Thankless Thanks

I recall last year trying to write an entry about giving thanks. I thought I’d posted it, and I find I had the same issue then as I have now – I can’t seem to quite find what I want to say. Like the silly cultural tradition of the new year’s resolution, we in america, […]

I recall last year trying to write an entry about giving thanks. I thought I’d posted it, and I find I had the same issue then as I have now – I can’t seem to quite find what I want to say.

Like the silly cultural tradition of the new year’s resolution, we in america, at least (does anyone outside the US practice something like this? I don’t know) take one day of the year to ‘give thanks’.

This, like christmas, is ostensibly a religious celebration. The act of giving thanks is in fact, thanking your chosen deity for whatever you have.

It’s the funny dichotomy of american culture; we were founded in many ways by religious pariahs, zealots who fled home country rarther than assimilate into a less-devoute population. So much of the very core of american culture is, still, puritan and deeply god-fearing. The notion of the first thanksgiving is one of a feast held to honor god for providing.

Yet, we are also the nation that has Separation of Church and State written into the most basic foundation of our culture, the constitution.

Thus we have Thanksgiving and Christmas days as national holidays, yet we’re not able to call it christmas in school anymore, we have to refer to ‘winter holidays’.

I’m not a christian. In any way. I’ve talked about it before – my atheist upbringing, my lack of any faith or spirituality. I celebrate these holidays as cultural tradition, not as spiritual or religious festival. Yet they’re important to me in a deep and fundamental way. I love the holiday traditions. I love christmas music, lights, tinsel. I love the fall colors, the traditions of ballgames and parades. These are my culture as an american. Dress up and decoration, songs and games, friends and family. Tribe.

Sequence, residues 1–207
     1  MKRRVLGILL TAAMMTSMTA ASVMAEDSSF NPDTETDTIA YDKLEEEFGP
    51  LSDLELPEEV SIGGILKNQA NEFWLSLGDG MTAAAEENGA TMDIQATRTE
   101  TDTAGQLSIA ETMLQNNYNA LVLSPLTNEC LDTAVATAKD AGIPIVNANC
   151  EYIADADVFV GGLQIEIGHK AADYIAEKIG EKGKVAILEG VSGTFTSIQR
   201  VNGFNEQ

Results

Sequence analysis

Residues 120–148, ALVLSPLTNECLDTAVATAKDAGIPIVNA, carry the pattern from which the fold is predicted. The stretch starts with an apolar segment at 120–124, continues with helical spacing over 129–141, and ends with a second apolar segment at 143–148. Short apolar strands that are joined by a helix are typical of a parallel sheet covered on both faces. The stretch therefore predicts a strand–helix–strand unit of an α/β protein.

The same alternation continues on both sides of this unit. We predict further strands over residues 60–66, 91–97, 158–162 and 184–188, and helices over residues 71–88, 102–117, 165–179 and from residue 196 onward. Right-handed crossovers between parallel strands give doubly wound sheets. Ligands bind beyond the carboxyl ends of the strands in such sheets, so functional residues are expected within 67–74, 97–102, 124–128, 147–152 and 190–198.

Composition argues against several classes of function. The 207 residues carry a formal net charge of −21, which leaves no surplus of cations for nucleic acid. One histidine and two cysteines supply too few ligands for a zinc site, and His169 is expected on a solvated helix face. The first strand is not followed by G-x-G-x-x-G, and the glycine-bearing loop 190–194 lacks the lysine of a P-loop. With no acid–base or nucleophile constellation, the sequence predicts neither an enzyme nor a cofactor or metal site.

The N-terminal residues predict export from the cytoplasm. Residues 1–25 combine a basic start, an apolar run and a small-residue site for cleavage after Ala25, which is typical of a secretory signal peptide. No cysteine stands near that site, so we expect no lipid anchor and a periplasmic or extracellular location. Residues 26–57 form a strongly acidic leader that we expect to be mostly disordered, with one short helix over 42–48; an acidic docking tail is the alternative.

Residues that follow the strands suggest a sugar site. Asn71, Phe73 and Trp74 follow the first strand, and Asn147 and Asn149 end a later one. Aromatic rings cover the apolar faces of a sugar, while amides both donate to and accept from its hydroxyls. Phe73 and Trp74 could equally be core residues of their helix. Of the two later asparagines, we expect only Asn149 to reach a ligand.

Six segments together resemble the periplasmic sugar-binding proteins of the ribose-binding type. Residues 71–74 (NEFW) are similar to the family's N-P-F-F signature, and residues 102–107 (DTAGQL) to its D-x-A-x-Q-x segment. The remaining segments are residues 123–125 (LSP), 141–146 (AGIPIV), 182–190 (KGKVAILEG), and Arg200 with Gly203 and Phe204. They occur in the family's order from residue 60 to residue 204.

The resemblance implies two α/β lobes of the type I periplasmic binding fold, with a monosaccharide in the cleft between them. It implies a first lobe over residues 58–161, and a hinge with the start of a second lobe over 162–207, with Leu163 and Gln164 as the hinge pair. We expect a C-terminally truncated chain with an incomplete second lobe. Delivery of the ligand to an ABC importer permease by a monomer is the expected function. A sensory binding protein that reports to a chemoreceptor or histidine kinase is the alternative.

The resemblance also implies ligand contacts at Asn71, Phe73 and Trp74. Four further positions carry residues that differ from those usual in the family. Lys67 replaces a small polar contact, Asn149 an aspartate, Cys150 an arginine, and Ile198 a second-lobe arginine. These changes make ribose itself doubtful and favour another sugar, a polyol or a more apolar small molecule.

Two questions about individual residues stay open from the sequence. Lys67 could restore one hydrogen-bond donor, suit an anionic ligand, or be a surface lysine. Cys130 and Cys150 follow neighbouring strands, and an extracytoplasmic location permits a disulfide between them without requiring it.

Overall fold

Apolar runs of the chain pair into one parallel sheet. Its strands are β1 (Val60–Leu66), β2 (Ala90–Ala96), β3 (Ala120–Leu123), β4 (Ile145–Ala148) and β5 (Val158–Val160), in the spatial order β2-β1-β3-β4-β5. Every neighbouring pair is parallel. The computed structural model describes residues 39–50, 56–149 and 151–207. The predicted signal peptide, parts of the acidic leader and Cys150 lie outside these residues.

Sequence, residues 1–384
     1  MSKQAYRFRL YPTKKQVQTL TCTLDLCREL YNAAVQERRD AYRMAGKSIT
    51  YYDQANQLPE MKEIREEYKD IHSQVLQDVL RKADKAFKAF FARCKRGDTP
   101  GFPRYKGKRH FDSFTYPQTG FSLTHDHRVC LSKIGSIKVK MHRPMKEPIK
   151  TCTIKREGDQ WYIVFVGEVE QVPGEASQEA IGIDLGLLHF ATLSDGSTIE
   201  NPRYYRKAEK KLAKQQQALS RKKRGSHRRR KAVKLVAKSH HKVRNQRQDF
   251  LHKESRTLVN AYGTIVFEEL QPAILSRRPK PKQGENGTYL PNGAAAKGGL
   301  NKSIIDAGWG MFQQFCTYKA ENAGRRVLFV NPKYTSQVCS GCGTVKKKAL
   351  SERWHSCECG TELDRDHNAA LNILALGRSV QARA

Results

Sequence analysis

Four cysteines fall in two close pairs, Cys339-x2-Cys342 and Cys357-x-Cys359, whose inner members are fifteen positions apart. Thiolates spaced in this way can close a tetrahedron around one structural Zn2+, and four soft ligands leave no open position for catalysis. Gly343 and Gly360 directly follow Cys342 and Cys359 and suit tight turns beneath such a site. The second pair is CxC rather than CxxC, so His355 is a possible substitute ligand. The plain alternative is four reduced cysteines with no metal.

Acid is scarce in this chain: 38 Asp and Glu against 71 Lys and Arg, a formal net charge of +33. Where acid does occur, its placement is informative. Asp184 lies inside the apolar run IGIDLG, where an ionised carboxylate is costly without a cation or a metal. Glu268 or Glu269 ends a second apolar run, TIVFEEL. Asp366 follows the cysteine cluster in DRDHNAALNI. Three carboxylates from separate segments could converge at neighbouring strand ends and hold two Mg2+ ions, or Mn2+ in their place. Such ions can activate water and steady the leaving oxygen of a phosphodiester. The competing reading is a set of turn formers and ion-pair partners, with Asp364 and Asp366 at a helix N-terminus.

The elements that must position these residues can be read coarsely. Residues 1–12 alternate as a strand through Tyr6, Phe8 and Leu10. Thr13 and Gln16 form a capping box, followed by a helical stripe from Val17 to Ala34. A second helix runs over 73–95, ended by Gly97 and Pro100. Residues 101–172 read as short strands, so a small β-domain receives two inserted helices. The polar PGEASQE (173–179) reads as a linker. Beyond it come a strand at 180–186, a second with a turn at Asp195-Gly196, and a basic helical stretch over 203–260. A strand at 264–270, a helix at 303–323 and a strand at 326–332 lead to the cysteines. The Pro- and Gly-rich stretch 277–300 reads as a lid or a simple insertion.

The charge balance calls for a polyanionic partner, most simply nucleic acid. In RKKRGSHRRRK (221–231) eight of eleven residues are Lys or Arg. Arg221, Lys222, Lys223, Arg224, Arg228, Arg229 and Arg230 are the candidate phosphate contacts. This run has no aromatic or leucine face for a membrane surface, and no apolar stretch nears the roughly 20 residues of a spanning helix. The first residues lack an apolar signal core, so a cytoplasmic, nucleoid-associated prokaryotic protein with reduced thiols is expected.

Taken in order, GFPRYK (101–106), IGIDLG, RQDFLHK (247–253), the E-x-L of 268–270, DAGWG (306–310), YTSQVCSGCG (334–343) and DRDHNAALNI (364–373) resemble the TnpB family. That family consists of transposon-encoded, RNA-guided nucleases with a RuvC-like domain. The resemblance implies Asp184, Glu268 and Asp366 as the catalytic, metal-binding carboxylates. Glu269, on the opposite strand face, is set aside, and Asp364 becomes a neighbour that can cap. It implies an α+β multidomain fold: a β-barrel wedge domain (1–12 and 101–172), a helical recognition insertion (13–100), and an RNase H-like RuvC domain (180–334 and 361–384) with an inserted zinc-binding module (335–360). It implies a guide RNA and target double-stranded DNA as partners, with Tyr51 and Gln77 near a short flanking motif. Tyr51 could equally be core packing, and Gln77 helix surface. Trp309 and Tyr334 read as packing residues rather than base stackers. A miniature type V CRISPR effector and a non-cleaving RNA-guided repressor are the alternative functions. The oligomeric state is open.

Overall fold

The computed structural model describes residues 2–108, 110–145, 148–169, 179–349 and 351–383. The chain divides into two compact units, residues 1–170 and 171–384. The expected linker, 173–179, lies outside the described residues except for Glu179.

But I also know what lies under it all. Deeper than western cultural traditions, deeper than christian gods.

These things lie in the roots of humanity. The solstice, the harvest, rites of spring, high summer fests. Back before any god we can even give a name to today was invented and worshipped, people gathered in caves, in fields, around fires. They ate, drank, celebrated. They tried, in simple, foolish, primitive ways, to influence the universe. They sought fertility, the tried to call the sun back when it seemed gone. They thanked fortuitous gods, begged favor of those deemed angry. Celebration, and offerings.

Every single seasonal holiday we practice today goes back to those days, those traditions. Ancient beyond measure before christ or allah or yahweh or buddha.

So what does one do when one does not believe in a divine provider? Because the bounty on our tables today – the absurdly vast turkey, breads and vegetables, fruits and sugar-sweets, wines and ciders, they come not from a god. They were farmed and raised and killed by men, bought with the dollars we spend our days working to earn. What I place on my table, I worked for. What my friends serve to me today, they worked for, writing software, designing computers, treating ailments of the heart and soul, moving numbers around.